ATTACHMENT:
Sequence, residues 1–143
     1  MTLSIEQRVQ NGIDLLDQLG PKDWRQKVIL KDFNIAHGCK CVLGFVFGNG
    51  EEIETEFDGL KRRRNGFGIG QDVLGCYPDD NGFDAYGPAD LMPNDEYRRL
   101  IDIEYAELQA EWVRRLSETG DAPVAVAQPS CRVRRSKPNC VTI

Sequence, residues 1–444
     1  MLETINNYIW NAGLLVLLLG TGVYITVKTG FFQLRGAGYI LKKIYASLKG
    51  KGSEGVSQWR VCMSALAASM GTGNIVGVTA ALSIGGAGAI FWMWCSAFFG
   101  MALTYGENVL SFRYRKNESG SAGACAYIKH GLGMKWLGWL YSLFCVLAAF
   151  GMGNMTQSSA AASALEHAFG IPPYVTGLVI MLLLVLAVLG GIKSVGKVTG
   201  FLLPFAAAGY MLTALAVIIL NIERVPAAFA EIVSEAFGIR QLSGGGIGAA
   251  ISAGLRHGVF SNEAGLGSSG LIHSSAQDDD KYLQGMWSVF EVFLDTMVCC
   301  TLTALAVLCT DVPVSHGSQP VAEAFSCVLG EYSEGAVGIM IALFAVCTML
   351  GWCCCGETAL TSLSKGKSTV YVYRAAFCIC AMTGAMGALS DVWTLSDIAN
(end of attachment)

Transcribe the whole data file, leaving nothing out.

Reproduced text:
Sequence, residues 1–143
     1  MTLSIEQRVQ NGIDLLDQLG PKDWRQKVIL KDFNIAHGCK CVLGFVFGNG
    51  EEIETEFDGL KRRRNGFGIG QDVLGCYPDD NGFDAYGPAD LMPNDEYRRL
   101  IDIEYAELQA EWVRRLSETG DAPVAVAQPS CRVRRSKPNC VTI

Sequence, residues 1–444
     1  MLETINNYIW NAGLLVLLLG TGVYITVKTG FFQLRGAGYI LKKIYASLKG
    51  KGSEGVSQWR VCMSALAASM GTGNIVGVTA ALSIGGAGAI FWMWCSAFFG
   101  MALTYGENVL SFRYRKNESG SAGACAYIKH GLGMKWLGWL YSLFCVLAAF
   151  GMGNMTQSSA AASALEHAFG IPPYVTGLVI MLLLVLAVLG GIKSVGKVTG
   201  FLLPFAAAGY MLTALAVIIL NIERVPAAFA EIVSEAFGIR QLSGGGIGAA
   251  ISAGLRHGVF SNEAGLGSSG LIHSSAQDDD KYLQGMWSVF EVFLDTMVCC
   301  TLTALAVLCT DVPVSHGSQP VAEAFSCVLG EYSEGAVGIM IALFAVCTML
   351  GWCCCGETAL TSLSKGKSTV YVYRAAFCIC AMTGAMGALS DVWTLSDIAN